Alaska Airlines issues updated travel cancellations due to Hurricane Sandy: 10 more flights cancelled, according to Marianne Lindsey, who works for Alaska Air.
Here's a breakdown so far of the cancellations per day:
Sunday - eight flights canceled
Monday - all 20 flights canceled
Tuesday - nine flights canceled
Wednesday - so far one flight canceled (EWR-SEA)
Regularly scheduled service was suspended at least through Tuesday night to Boston (BOS), Philadelphia (PHL), Newark, N.J. (EWR) and the Reagan National Airport (DCA) in Washington, D.C.
Alaska Airlines operates 20 daily flights to these four airports nearby Hurricane Sandy's Newark landfall. They are serviced from Alaska's West Coast hubs in Los Angeles, Portland and Seattle:.
- DCA - four flights in and four flights out a day (SEA, PDX, LAX)
- EWR - two flights in and two out a day (SEA)
- PHL - one flight in and out a day (SEA)
- BOS - three flights in and three flights out a day (2 SEA, 1 PDX)
No other Alaska Airlines flights were likely to be canceled by the mega-storm, Lindsey said. Other major Anchorage air carriers – United Airlines, Delta Airlines and USAirways among them -- all operate extensive East Coast service and were bracing for extensive cancellations.
Michael Thomas, spokesperson for Delta Airlines, told Alaska Dispatch that as of Tuesday afternoon, all Delta is operating out of all east coast airports except John F. Kennedy (JFK) and LaGuardia (LGA) in New York, and Newark (EWR), New Jersey.
Limited Delta flights to and from LaGuardia and Newark will resume Wednesday evening, with hopes that a Thursday morning "restart" will get the airline flight schedule back on track, Thomas said.
At JFK, conditions are "a bit better," and limited domestic flights will resume Wednesday afternoon.
All told, Delta has canceled around 3,000 flights due to Hurricane Sandy from Sunday afternoon to Wednesday. Delta has issued a change-fee waiver for folks impacted by the storm.
Thomas refers people to Delta's website to find the most current update on their flight status.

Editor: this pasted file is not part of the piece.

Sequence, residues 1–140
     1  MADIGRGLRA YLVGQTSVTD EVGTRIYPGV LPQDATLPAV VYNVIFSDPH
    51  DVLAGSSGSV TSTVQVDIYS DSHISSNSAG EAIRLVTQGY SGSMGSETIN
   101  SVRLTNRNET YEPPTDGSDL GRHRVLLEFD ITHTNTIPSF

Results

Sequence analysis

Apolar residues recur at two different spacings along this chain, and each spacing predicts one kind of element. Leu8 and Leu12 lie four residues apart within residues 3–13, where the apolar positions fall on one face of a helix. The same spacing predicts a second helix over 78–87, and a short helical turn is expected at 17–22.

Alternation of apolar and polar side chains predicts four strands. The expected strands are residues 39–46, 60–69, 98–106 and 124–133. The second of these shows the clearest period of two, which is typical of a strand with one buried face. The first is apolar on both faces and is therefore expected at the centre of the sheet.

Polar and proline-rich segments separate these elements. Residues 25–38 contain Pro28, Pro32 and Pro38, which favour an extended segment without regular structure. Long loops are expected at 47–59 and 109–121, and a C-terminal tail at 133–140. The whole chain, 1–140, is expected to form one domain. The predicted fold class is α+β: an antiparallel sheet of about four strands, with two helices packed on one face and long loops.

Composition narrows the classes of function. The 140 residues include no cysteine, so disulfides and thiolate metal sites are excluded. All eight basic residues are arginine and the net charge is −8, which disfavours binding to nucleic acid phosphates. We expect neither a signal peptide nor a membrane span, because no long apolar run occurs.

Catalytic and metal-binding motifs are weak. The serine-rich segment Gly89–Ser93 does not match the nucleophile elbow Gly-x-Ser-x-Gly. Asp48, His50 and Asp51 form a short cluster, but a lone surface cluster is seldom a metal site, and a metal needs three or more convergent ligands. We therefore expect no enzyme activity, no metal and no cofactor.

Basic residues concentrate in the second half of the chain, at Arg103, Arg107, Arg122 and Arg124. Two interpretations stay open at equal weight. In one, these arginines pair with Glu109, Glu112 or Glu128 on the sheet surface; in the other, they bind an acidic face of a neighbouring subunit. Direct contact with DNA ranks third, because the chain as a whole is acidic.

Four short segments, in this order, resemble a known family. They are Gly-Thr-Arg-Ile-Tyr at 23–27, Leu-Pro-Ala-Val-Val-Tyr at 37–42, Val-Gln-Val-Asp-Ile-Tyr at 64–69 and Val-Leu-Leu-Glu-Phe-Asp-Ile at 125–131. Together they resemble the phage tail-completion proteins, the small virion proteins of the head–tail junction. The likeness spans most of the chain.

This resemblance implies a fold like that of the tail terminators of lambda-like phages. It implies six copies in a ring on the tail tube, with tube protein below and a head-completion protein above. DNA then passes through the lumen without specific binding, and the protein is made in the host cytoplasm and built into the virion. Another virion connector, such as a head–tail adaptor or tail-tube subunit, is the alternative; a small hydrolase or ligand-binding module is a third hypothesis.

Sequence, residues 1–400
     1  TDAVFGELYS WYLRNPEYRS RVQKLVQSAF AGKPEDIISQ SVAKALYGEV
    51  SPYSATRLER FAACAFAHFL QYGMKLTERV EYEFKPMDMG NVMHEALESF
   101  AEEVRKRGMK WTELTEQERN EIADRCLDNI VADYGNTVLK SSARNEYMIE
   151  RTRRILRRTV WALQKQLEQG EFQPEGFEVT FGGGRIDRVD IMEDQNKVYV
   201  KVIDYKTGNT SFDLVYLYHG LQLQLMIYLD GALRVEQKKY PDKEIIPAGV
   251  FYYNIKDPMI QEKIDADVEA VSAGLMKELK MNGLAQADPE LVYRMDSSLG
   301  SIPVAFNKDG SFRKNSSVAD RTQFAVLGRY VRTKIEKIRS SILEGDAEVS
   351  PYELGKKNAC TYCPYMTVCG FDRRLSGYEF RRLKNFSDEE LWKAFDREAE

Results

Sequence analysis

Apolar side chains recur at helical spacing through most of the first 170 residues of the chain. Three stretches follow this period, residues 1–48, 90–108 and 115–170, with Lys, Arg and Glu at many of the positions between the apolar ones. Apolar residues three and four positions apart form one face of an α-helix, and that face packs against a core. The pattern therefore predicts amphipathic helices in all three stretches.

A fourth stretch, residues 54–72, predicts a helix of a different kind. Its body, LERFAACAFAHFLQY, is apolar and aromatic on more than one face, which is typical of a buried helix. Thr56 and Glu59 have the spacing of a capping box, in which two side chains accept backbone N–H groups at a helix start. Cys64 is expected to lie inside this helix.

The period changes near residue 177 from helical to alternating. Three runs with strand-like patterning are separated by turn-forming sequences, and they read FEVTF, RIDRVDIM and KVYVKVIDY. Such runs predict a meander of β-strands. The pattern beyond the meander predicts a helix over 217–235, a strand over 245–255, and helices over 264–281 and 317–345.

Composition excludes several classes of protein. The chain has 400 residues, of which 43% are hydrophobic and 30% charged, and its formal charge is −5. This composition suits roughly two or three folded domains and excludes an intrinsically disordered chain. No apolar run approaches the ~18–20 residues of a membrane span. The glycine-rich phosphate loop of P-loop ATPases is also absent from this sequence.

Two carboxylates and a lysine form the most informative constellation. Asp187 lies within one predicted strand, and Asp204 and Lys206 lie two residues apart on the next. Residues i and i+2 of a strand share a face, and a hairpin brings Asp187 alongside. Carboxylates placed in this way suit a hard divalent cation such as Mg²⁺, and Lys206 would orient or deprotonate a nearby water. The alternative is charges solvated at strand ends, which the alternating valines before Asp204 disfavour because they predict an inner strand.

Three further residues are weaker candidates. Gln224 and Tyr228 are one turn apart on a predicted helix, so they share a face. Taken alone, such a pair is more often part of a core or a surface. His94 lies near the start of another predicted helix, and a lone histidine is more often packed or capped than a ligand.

U.S. Airways spokesperson Todd Lehmacher told Alaska Dispatch that the airline will resume operations at all airports on Wednesday except JFK, LaGuardia, Newark and Islip (ISP) in New York. The airline canceled approximately half of all their flights on Tuesday, and around 340 are canceled on Wednesday. Lehmacher refers travelers to U.S. Airways' website for the most current updates.
How Sandy will impact Alaskans air travel
Airplane groundings in Chicago or canceled flights at Denver International Airport can result in delayed outbound service from Anchorage or possibly even flight service to Fairbanks.
O'Hare and Denver joined other metro airports in Los Angeles, San Francisco and Dallas-Fort Worth on a list of cities far removed from the hurricane but nonetheless bearing its brunt. More than 17,000 flights nationwide had been canceled Tuesday due to the hurricane. More will follow.
Alaska Airlines would likely be the least impacted of the major airlines serving the 49th state, Anchorage-based travel agent Scott McMurren said. USAirways, United Airlines, American Airlines, Delta Airlines -- Hurricane Sandy will hit those airlines, their employees and their passengers hard.
How to travel in a hurricane
What can travelers do, now, to mitigate the damage? McMurren offers a few tips for unavoidable hurricane travel:
- Sign up for text message alerts from the air carrier that arranged your flight. Make your smartphone smarter. Track your flight; every major carrier offers up-to-the-minute alerts for travelers.
- Watch the weather. If you're heading to Pittsburgh, Penn., Detroit, Buffalo, N.Y., or even Toledo, Kan., anytime soon, guess what? You're probably not. Even airline employees are stuck across the country.
- Prepare like you're heading for a five-day backcountry backpacking trip. Travel light. No accessorizing this week. Forego the checked baggage and at least you'll be able to maintain control over your attire, even if Hurricane Sandy has busted up your plans of an autumn escape from the frigid North.
Margaret Tyler, an Anchorage airport employee, confirmed that fallout was expected, but couldn't predict how extensive the disruption or how many passengers would be affected. But she expected some impatience among those waiting on planes to arrive.
"No major carrier's flights originate in Alaska. No planes start here," she said.